In the wake of September 11, 2011 an enormous canon on religion, policy-making and international relations emerged. In this winter’s index, Cardus Policy in Public has selected some of the key resources for staffers and policy-makers on religion and foreign policy, from the prescient to the downright problematic. With religion abroad, don’t leave home without these.
The Review of Faith and International Affairs
The RFIA is one of the most established and longest running journals on religion and foreign affairs, published by the Institute for Global Engagement in Washington D.C. Its archives are a treasure trove for thinking on religious freedom, very broadly understood. It also curates an excellent resource for the curious and the professional, here: http://rfiaonline.org/extras/reading
World of Faith and Freedom: Why International Relgious Liberty is Vital to American National Security
Thomas Farr. Oxford University Press, 2008
In this 2008 book, senior diplomat Thomas Farr argues that American foreign policy needs to recognize the formative role religion plays in global affairs, and that examples for that can be pulled from the west’s own pluralist public square.
God's Century: Resurgern Religion and Global Politics
Monica Duffy Toft, Daniel Philpott, Timothy Samuel Shah. W.W. Norton & Company, Inc, 2011
In this new book, authors Toft, Philpott, and Shah argue that religion is back, but the most interesting part is how to measure it and whether it’s a good or a bad thing. They argue it can be good, but only if careful steps are taken by policy and political stakeholders. Read a review in Books & Culture by editor Robert Joustra, here: www.cardus.ca/columns/2877/.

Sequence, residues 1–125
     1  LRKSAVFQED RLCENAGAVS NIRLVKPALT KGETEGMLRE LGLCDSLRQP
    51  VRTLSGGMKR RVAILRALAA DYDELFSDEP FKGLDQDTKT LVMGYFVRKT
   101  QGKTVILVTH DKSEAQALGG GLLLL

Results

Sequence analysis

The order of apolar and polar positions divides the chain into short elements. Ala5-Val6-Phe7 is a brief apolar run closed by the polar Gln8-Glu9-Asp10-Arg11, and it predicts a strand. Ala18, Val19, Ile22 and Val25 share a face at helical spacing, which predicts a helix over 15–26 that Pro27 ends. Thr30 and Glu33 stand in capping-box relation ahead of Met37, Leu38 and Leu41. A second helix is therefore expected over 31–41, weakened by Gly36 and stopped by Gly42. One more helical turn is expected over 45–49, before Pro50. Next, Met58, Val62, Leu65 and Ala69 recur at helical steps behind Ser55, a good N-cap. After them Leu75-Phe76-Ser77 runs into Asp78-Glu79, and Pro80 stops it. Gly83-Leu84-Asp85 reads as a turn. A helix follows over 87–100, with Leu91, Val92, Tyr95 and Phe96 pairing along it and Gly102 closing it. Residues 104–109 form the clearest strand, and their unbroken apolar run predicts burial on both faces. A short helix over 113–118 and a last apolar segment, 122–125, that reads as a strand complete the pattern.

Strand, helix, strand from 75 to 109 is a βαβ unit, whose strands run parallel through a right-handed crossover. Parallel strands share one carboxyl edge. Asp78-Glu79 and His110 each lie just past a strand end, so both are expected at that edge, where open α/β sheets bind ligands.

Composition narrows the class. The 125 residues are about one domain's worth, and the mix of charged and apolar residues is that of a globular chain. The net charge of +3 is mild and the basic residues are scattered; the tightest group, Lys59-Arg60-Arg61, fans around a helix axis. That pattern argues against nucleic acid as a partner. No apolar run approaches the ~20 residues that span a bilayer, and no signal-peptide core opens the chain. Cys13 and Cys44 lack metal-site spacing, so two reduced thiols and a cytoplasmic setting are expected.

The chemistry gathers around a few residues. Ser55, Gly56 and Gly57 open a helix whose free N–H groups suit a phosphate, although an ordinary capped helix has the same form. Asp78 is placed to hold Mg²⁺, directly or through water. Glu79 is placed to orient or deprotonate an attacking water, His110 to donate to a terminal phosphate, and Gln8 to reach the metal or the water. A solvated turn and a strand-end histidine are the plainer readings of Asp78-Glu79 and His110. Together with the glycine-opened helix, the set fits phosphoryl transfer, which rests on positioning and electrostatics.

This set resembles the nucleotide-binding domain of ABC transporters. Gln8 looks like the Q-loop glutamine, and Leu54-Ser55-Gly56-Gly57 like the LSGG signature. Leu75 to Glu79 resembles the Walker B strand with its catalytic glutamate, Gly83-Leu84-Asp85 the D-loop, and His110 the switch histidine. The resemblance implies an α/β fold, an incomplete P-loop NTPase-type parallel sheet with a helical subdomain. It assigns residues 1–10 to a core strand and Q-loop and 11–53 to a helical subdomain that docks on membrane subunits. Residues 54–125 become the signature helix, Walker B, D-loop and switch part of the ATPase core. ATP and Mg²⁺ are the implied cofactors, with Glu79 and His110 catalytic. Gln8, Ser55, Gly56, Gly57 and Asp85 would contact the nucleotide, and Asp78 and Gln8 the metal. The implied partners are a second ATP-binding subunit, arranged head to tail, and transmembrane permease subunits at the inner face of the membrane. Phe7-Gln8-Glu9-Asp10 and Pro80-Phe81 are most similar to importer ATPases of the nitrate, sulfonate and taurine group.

The Myth of Religious Violence
William T. Cavanaugh. Oxford University Press, 2009
In this short book, theologian William Cavanaugh asks the prior question about religious violence: what actually do we mean by religion? By corollary, does that concept transcend cultural and political boundaries in a way that is politically useful for contemporary foreign policy? He argues it doesn’t. Rich with history and easy to read, Cavanaugh offers an invaluable and highly readable account of one of modern politics’ most thorny issues.
Religion, The Missing Dimension of Statecraft
Douglas Johnston and Cynthia Sampson, editors. Oxford University Press, 1995
At the end of the cold war, in a now prescient publication, Douglas Johnston and Cynthia Sampson argued that religion was a powerful new source for global order, whether for good or for bad. This book outlines the positive contributions which religious traditions can bring to peacemaking. It is a classic not to be missed.
The Next Christendom: The Coming of Global Christianity
Philip Jenkins. Oxford University Press, 2007
The first edition of this book was hailed as a landmark in understanding modern Christianity. No less its later editions, which have come to redefine how the Christian religion is understood by Western diplomats and policy-makers. The future of Christianity and its most powerful incarnations are neither Western nor white.
International Religious Freedom Advocacy
H. Knox Thames, Chris Seiple, Amy Rowe. Baylor University Press, 2009
This is a unique guidebook for engagement. It gives insight into the tangled web of international organizations, international law, and non-governmental organizations that work to advance religious freedom worldwide. Recommended reading for anyone doing policy work on religious freedom.